The study of SBT merits special attention because of some aspects. Initially, the patient seeks medical care for cosmetic reasons, expressing desire to have the lesion surgically removed, particularly if it is located in a visible area [5]. The presence of glandular tissue in the lesion should be investigated, because SBT is not exempt from the same diseases and physiologic processes that can affect normally positioned breasts, including the cyclical alterations induced by hormone action [2, 9]. Usually, the presence of glandular tissue is suggested after the onset of puberty, first childbirth, or lactation, at times when a woman may complain of an increase in size, pain and discomfort, as well as milk secretion [2]. In the current case, the patient was asymptomatic, even after pregnancy, suggesting a lack of glandular tissue. However, despite the clinical picture, it was necessary to perform a histologic examination to rule out the presence of glandular tissue.


Another aspect that should be kept in mind is the association between SBT and renal malformations [12, 13, 14]. Some authors describe a close association between both conditions, reporting that patients with SBT should be investigated for the presence of urinary tract malformations [13]. However, other authors found no evidence to support such an association, suggesting that routine investigation for renal anomalies is not indicated in patients with supernumerary nipple [15]. In the present case, ultrasonography of the urinary tract identified no malformations. In fact, there is still uncertainty as to the best approach in these patients.


Despite the difficulties in establishing relationships between SBT and other diseases, the identification of SBT should draw the attention of the physician to these possible associations and to the occurrence of malignancy, when breast glandular tissue is present. In cases in which it is clinically impossible to rule out the presence of breast glandular tissue, we believe that a histologic examination of the lesion is required.


A 22-year-old woman sought medical care for a lesion in the plantar region of her left foot, a well-formed nipple surrounded\n by areola and hair. Microscopic examination of the dermis showed hair follicles, eccrine glands, and sebaceous glands. Fat\n tissue was noted at the base of the lesion. Clinical and histopathologic findings were consistent with the diagnosis of supernumerary\n breast tissue, also known as pseudomamma. To our knowledge, this is the first report of supernumerary breast tissue on the\n foot.\n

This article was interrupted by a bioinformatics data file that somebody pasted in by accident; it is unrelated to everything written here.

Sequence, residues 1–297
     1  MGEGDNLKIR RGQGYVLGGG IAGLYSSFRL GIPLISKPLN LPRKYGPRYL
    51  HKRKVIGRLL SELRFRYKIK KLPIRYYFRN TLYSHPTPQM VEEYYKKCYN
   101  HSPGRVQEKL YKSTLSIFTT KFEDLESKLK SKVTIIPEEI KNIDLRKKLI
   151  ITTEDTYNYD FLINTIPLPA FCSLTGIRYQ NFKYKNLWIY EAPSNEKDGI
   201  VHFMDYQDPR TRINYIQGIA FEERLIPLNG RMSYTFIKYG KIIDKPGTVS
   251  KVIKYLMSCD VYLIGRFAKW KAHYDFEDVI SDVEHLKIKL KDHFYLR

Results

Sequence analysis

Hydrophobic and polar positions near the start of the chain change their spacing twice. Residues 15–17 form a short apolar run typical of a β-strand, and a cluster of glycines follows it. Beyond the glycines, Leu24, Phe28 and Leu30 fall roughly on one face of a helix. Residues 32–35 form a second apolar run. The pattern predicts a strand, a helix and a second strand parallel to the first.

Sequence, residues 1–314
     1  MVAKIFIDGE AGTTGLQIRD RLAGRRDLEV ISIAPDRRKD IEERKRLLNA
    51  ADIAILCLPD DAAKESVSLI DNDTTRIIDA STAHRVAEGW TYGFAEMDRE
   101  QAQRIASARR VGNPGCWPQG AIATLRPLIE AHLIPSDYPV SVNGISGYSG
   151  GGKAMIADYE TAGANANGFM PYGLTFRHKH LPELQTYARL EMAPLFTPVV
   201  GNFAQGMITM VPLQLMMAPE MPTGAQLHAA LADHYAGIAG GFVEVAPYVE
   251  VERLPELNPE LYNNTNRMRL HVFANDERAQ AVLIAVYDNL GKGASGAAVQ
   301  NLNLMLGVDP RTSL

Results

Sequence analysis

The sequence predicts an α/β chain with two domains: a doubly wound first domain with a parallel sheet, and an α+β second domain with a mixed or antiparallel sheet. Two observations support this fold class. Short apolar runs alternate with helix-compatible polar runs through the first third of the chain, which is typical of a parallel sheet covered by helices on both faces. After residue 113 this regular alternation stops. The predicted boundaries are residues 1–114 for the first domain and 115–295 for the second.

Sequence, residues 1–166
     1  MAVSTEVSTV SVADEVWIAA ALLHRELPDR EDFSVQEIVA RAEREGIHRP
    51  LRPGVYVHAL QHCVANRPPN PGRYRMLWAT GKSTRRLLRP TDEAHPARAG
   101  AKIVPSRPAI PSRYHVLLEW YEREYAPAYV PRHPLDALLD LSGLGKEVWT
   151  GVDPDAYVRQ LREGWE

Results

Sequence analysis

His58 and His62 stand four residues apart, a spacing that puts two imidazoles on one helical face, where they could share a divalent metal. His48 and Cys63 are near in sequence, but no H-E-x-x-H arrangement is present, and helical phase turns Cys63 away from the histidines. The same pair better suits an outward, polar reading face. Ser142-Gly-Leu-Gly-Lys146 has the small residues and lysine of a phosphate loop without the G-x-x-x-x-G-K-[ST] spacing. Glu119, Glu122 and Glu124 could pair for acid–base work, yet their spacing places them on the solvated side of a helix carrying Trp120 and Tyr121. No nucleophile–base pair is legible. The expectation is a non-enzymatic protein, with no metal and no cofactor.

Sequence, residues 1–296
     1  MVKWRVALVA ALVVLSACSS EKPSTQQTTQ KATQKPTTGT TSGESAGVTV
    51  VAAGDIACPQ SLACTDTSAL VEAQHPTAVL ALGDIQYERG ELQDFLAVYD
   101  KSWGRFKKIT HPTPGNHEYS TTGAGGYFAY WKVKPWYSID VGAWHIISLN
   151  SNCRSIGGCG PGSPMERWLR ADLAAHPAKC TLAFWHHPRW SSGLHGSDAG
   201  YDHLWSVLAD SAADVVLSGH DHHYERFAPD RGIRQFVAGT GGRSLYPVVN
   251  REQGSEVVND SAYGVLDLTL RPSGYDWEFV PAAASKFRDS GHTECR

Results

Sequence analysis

The patient underwent an incisional biopsy of the lesion. Histologic findings were squamous epithelium with hyperkeratosis,\n epithelial hyperplasia without atypia, epithelial cytoplasmic vacuolation, and hyperpigmentation of the epidermal basal membrane.\n In the dermis there were hair follicles, eccrine glands, and sebaceous glands. Fibrosis and fat tissue were noted at the base\n of the lesion. No glandular tissue was identified.\n


Supernumerary breast tissue (SBT) is rarely found beyond the mammary line. However, the back [3], shoulder [4], face [5], and thigh [6] have been described as sites of SBT development. When glandular tissue is present, SBT may be affected by the same disease\n processes that occur in normally positioned breast tissue [7, 8, 9]. To our knowledge, this is the first report of SBT on the foot.\n


The study of SBT merits special attention because of some aspects. Initially, the patient seeks medical care for cosmetic\n reasons, expressing desire to have the lesion surgically removed, particularly if it is located in a visible area [5]. The presence of glandular tissue in the lesion should be investigated, because SBT is not exempt from the same diseases\n and physiologic processes that can affect normally positioned breasts, including the cyclical alterations induced by hormone\n action [2, 9]. Usually, the presence of glandular tissue is suggested after the onset of puberty, first childbirth, or lactation, at times\n when a woman may complain of an increase in size, pain and discomfort, as well as milk secretion [2]. In the current case, the patient was asymptomatic, even after pregnancy, suggesting a lack of glandular tissue. However,\n despite the clinical picture, it was necessary to perform a histologic examination to rule out the presence of glandular tissue.\n


Another aspect that should be kept in mind is the association between SBT and renal malformations [12, 13, 14]. Some authors describe a close association between both conditions, reporting that patients with SBT should be investigated\n for the presence of urinary tract malformations [13]. However, other authors found no evidence to support such an association, suggesting that routine investigation for renal\n anomalies is not indicated in patients with supernumerary nipple [15]. In the present case, ultrasonography of the urinary tract identified no malformations. In fact, there is still uncertainty\n as to the best approach in these patients.\n


Despite the difficulties in establishing relationships between SBT and other diseases, the identification of SBT should draw\n the attention of the physician to these possible associations and to the occurrence of malignancy, when breast glandular tissue\n is present. In cases in which it is clinically impossible to rule out the presence of breast glandular tissue, we believe\n that a histologic examination of the lesion is required.\n